Secrets of the Playboy's Bride(5)

By: Leanne Banks

Just after the server delivered their drinks, a man approached the table. He looked vaguely familiar to Calista, but she couldn’t name him. She wondered if he was one of Leo’s acquaintances, except he kept looking at her.

“Calista French. All grown up. I remember you as a young teen,” the man said.

Calista searched the man’s face but still couldn’t recall him. “I’m sorry. I’m drawing a blank.”

The man laughed but his eyes were cold. “William Barrett. I was one of your father’s business partners.”

Calista felt her blood drain to her feet. William Barrett had sued her father’s estate and then gone after her mother after her father had died. She mustered a blank expression. “You’re correct. I was very young. I hope you’re enjoying your dinner. It’s a lovely restaurant, isn’t it?”

“Yes, it is. How is your mother these days?” he asked.

She couldn’t quite keep from digging her fingernails into her palms, but at least her hands were in her lap out of sight. “My mother passed away several years ago.”

Barrett raised his eyebrows. “Oh, I’m sorry. Of course, I knew about your father, but—”

The maître d’ approached Barrett. “Sir, I’ve been asked by the manager to inform you that your party will receive a complimentary appetizer. We just need to know your preference. Your server has a menu at your table.”

Barrett gave a loud bark of a laugh. “Must be my lucky day. Hope to see you again, Calista.”

Calista said nothing and reached for her glass of wine, barely resisting the urge to hiss at the man.

“You don’t like him, do you?” Leo asked.

“Was I so obvious?”

“You turned pale,” he said.

“He treated my family poorly during a difficult time,” she said.

“Then I’ll tell his server to pour red wine on him,” he said.

His suggestion lightened her mood. “Oh, they wouldn’t do that on purpose,” she said, feeling a slight pinch at the memory of the margarita she’d poured on Leo.

He lifted an eyebrow. “My personal assistant usually runs interference when I’m eating in a public place, but I allowed this man to approach because he might have been a friend of yours. Next time we’re in public, I’ll stick to my routine.”

Although Calista had been raised in a relatively wealthy home, she’d never heard of her father employing an assistant for such a task. She glanced around. “Is your assistant here tonight?”

He nodded behind her and waved his hand. A brawny middle-aged man approached them. “George, this is Miss French. We’d prefer no interruptions for the remainder of the meal.”

“Miss French,” George said in a gruff voice with a nod.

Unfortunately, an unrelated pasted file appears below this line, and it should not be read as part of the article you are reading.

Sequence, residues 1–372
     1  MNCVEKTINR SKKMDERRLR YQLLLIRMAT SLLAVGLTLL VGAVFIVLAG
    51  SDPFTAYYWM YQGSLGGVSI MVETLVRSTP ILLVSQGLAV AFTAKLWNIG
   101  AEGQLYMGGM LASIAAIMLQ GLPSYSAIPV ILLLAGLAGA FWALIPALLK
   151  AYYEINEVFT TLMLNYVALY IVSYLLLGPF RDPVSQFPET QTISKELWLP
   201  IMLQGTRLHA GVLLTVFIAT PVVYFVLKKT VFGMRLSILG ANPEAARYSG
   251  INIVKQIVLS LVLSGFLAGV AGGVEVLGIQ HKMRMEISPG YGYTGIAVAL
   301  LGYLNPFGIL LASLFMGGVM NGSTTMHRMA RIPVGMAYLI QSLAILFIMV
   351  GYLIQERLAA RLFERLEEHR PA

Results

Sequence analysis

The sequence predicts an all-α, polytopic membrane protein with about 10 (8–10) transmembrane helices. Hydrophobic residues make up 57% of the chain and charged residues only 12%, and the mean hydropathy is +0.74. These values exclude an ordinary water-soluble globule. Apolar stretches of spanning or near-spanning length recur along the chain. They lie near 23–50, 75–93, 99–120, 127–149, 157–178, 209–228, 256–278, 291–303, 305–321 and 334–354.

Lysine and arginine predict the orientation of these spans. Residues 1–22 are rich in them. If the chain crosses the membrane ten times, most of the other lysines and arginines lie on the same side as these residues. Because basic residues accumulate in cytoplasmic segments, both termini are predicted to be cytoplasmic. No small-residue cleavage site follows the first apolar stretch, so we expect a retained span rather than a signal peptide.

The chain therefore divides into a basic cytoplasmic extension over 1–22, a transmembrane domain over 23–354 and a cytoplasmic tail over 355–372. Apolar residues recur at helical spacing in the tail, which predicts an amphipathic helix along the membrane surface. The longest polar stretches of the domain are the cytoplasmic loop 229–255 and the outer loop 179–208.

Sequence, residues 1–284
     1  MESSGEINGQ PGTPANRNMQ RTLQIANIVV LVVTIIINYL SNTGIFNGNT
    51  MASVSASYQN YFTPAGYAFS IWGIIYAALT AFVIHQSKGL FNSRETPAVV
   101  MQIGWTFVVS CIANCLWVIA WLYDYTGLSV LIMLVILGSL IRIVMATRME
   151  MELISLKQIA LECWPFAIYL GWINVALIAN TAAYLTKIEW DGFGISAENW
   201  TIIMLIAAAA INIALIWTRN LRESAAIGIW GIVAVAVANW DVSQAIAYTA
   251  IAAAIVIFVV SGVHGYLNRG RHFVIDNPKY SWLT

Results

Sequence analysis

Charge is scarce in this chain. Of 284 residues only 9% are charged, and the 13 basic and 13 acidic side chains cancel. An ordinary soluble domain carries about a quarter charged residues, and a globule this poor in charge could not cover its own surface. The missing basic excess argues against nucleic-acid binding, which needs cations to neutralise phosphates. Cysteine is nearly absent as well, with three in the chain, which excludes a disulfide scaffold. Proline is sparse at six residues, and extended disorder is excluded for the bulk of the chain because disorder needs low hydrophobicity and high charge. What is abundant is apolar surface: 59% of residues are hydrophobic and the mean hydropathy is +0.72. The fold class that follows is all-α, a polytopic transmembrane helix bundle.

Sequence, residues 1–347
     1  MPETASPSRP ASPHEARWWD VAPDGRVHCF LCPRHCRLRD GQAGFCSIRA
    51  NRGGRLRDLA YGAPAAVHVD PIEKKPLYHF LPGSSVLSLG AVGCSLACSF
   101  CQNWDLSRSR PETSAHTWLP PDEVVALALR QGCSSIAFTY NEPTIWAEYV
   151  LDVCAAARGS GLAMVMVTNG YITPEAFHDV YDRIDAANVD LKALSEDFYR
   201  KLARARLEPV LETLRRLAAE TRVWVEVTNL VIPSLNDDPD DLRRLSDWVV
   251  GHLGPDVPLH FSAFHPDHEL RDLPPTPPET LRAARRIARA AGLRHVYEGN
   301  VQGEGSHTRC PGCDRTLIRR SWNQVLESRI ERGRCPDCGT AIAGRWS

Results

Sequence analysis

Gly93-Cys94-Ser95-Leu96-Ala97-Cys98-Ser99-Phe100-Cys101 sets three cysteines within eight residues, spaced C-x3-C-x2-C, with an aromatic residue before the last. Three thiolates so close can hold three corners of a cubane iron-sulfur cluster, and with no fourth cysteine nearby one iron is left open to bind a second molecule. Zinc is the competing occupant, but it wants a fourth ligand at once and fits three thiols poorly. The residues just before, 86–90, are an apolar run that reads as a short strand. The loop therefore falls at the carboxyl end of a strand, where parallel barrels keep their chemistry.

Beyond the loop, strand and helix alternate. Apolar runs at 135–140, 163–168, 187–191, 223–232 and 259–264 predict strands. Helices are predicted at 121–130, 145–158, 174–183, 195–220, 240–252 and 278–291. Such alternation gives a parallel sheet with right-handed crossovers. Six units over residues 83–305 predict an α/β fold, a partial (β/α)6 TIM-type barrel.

“George, it’s nice to meet you,” Calista said, extending her hand.

Looking slightly uncomfortable, he shook her hand. “Pleasure to meet you also, Miss,” he said then turned to Leo. “Enjoy your dinner, sir.”

George turned around with his hands folded behind his back, creating a barrier between their table and the rest of the room.

Calista let out a sigh of relief. Barrett wouldn’t be approaching her again that evening. “Must ask. What does he say to people who try to approach the table?”

“Mr. Grant and his guest would like to enjoy their meal without interruption. Thank you for your consideration,” he recited.

“Has it ever not worked?” she asked. “What happens if they ignore him?”

“That’s only happened three times. George says, I insist.”

“And if that doesn’t work?”

He hesitated, then smiled. “You want to know about the one time that a man wouldn’t take no for an answer? George is a former boxer, but he was homeless when I met him. He’s my trainer and sparring partner.”

Surprised, she stared at him for a moment. “Is he your bodyguard?”

Leo laughed. “Hell, no. He’s the best friend I’ve ever had. I just had to find a way to get him off the streets and the only way I could do it was to employ him. Shocked?”

“Yes.” She paused a second. “In a good way.”

He lifted his glass and clinked it against hers. “To no more interruptions.”

A couple hours later, Leo escorted her downstairs and outside. He was tall and moved with athletic grace. He oozed confidence, strength and mystery even though she knew his secret. Sliding his fingers through hers, he looked down at her. “Come to my house for an after-dinner drink,” he said, his eyes full of invitation.

Her stomach dipped, taking her by surprise. “I can’t. I have my car,” she said.

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